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Many sea-faring men firmly believe in the existence of sea
serpents and more than one has reported seeing of those huge sea-beasts.
Scientists point out that porpoises, swimming single-file, appear not
unlike a great snake upon the surface. A long line of sea-wood, riding up
and down the waves, is a fine starter for the imagination. Then there is
the ribbon fish, or oarfish, a slender serpent-like creature, which grows to
a length of 25 feet or more. It is not exactly a common fish. It has been
observed swimming on the ocean surface and, by just stretching the
imagination, a 100-foot monster could be made of it. (5) (7 p. 221)
In the absence of absolute proof, science will neither affirm nor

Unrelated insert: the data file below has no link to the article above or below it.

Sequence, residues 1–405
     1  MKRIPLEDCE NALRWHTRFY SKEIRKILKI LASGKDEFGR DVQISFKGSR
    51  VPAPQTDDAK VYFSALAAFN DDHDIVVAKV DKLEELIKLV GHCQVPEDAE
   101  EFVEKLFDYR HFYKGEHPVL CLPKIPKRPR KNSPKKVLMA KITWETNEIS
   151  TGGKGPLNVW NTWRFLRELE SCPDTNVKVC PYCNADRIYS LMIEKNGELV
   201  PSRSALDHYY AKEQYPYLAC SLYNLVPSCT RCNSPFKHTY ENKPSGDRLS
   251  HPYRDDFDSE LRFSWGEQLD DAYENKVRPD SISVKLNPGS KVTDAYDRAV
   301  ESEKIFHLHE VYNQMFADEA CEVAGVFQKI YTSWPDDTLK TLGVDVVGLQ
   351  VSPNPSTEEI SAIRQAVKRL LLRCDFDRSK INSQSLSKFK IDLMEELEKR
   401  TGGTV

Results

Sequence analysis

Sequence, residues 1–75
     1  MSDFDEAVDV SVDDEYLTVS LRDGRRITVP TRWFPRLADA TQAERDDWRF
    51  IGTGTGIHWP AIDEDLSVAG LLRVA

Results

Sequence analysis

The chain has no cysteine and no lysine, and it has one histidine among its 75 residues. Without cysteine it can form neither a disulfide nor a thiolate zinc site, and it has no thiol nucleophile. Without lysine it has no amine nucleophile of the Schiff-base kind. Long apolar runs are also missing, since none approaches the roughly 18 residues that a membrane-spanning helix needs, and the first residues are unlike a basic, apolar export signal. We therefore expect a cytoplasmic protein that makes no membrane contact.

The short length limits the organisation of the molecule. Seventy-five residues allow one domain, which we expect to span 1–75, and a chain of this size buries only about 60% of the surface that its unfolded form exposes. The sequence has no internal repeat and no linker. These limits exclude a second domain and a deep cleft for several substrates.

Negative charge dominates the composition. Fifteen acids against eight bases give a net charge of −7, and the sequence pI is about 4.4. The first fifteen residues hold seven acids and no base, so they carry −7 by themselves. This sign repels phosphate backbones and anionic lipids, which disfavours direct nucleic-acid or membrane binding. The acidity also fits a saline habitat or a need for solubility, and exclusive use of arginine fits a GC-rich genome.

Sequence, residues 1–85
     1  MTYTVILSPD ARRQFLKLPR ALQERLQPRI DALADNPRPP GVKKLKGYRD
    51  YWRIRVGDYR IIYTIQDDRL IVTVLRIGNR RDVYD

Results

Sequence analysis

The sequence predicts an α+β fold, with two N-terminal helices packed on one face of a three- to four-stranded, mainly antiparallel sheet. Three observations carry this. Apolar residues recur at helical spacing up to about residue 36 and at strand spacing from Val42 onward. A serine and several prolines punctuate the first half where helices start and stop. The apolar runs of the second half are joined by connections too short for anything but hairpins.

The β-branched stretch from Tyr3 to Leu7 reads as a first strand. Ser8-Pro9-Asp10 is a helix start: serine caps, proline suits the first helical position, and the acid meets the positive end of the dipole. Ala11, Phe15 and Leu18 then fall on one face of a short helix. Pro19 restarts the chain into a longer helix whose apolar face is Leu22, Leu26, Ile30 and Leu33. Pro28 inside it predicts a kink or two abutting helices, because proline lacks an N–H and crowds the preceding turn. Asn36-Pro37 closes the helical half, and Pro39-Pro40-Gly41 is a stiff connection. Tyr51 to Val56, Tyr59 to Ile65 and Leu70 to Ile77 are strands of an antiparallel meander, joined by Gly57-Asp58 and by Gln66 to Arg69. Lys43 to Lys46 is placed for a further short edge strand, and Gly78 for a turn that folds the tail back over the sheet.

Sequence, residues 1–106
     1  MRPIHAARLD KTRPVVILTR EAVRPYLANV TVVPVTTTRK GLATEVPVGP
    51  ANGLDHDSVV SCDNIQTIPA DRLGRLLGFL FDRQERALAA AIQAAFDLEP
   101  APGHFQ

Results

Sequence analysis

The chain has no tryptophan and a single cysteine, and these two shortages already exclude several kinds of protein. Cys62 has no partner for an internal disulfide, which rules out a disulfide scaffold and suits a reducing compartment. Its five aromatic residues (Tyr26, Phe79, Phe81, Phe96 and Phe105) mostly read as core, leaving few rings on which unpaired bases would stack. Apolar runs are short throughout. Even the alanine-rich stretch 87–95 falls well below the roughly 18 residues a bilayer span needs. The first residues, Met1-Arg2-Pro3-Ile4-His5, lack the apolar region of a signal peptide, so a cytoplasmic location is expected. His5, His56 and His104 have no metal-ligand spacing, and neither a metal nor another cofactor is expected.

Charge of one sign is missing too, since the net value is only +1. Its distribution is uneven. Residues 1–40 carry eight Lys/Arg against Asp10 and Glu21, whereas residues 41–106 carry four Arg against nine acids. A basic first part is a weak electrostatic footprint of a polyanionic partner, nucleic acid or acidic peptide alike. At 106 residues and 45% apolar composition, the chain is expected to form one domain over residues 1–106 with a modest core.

deny a place to the sea serpent. As the expression goes, "a scientific
skepticism prevails." But of late, scientific explorers going about in
queer corners of the world, have begun to look about them more sharply.
Reports have been coming in from men of undoubted truthfulness, and,
to make matters more confusing, from the scientists themselves. (5)
It is a state of affairs that calls for serious thinking. In past and
forgotten ages the high seas were frequented by serpentine leviathans
and it may well be that they are not entirely extinct. None of these
Brobdingnagian ophidians having been discovered, we must content
with very ordinary sea-serpents, the Hydrophidoc, found in most warm
seas. They are small, have compressed tails, and